Addressing a ceremony in the Northeastern city of Mashhad this morning, Brigadier General Nasser Sha’bani, a former commander of the IRGC, said Iran has bonds with nations in the region, “but some western and hostile officials and media outlets induced an image as if we had asked the Yemenis to strike two Saudi warships and they did that, but the spiritual children of the revolution in the region have grown their capabilities to the levels that they can plan such operations” (independently).
General Sha’bani’s remarks started debates when they were released by the FNA’s Persian service with some misquotes. The early version of the report missed the first half of the sentence, looking as if Iran had requested the Ansarullah of Yemen to target the Saudi warships.
The report was taken off the website shortly after its release and then replaced with a correct version along with an apology and explanations, but some rival media outlets started a hype by releasing screenshots of the early version that included the misquotes.
IRGC Spokesman General Ramezan Sharif also rushed to reject the faulty report, stressing that Sha’bani’s remarks have been misquoted. He also reminded that Sha’bani is a retired general and was only a commander at the time of the Iraqi imposed war in the 1980s.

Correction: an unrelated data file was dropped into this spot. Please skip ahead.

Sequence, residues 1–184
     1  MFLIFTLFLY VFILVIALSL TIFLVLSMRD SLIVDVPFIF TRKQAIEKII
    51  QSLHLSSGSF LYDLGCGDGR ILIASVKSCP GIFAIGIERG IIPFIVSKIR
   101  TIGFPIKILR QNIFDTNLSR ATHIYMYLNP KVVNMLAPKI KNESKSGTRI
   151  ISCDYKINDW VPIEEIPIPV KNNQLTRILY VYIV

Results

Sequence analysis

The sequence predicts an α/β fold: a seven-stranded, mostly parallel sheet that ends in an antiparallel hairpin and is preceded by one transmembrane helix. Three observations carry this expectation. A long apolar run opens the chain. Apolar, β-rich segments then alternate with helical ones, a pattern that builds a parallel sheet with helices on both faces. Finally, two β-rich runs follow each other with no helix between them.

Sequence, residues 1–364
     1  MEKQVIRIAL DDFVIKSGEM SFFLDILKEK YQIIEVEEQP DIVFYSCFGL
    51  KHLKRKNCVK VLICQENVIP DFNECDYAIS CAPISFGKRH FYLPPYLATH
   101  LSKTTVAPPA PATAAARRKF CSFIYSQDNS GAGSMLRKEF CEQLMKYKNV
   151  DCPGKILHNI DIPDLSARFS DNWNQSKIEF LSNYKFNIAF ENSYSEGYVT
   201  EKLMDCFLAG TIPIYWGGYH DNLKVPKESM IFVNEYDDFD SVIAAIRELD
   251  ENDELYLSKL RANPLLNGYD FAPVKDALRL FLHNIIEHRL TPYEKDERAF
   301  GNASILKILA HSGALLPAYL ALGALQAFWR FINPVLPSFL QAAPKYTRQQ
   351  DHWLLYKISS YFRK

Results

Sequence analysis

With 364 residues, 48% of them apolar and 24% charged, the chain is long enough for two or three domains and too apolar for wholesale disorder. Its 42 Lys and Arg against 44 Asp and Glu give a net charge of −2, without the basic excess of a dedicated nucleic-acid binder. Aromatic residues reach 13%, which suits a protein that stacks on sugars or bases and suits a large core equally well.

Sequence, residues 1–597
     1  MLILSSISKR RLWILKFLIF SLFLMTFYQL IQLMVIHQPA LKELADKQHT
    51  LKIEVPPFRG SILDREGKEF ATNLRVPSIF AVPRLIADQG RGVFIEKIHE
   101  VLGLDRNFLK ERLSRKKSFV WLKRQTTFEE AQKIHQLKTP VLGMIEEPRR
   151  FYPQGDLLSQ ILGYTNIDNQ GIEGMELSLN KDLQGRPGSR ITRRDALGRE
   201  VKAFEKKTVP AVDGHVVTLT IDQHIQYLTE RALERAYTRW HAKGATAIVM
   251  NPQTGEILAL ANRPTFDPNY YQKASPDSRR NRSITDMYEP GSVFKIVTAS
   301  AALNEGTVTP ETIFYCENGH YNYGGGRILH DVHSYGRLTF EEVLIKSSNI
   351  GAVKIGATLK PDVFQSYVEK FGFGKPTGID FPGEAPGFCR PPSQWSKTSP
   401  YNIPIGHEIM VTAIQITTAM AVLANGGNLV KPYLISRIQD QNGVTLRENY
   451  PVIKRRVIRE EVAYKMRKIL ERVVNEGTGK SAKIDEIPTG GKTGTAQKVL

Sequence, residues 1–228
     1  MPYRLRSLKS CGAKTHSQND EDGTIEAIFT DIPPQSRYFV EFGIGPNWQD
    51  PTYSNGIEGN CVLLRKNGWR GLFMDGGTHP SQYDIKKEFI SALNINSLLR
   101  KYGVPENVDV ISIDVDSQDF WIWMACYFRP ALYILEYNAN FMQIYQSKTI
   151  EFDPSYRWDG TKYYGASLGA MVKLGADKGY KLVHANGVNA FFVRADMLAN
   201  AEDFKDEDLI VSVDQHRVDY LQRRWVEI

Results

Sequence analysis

Yemen’s Ansarullah movement targeted two Saudi warships in Bab el-Mandeb Strait last week. Riyadh claimed that the two vessels were oil tankers and halted trafficking in the waterway. Saudi Arabia never presented any proof to substantiate that the two vessels were oil tankers. Satellite images also showed no oil pollution in regional waters.
Saudi Arabia resumed shipping in the strait days later.
Saudi Arabia has been striking Yemen since March 2015 to restore power to fugitive president Mansour Hadi, a close ally of Riyadh. The Saudi-led aggression has so far killed at least 17,500 Yemenis, including hundreds of women and children.
Despite Riyadh’s claims that it is bombing the positions of the Ansarullah fighters, Saudi bombers are flattening residential areas and civilian infrastructures.
Reports by independent world bodies have warned that the Saudi-led air campaign against Yemen has driven the impoverished country towards humanitarian disaster, as Saudi Arabia’s deadly campaign prevented the patients from travelling abroad for treatment and blocked the entry of medicine into the war-torn country.
Yemen is the world’s largest humanitarian crisis with more than 22 million people in need and is seeing a spike in needs, fuelled by ongoing conflict, a collapsing economy and diminished social services and livelihoods.
A UN panel has compiled a detailed report of civilian casualties caused by the Saudi military and its allies during their war against Yemen, saying the Riyadh-led coalition has used precision-guided munitions in its raids on civilian targets.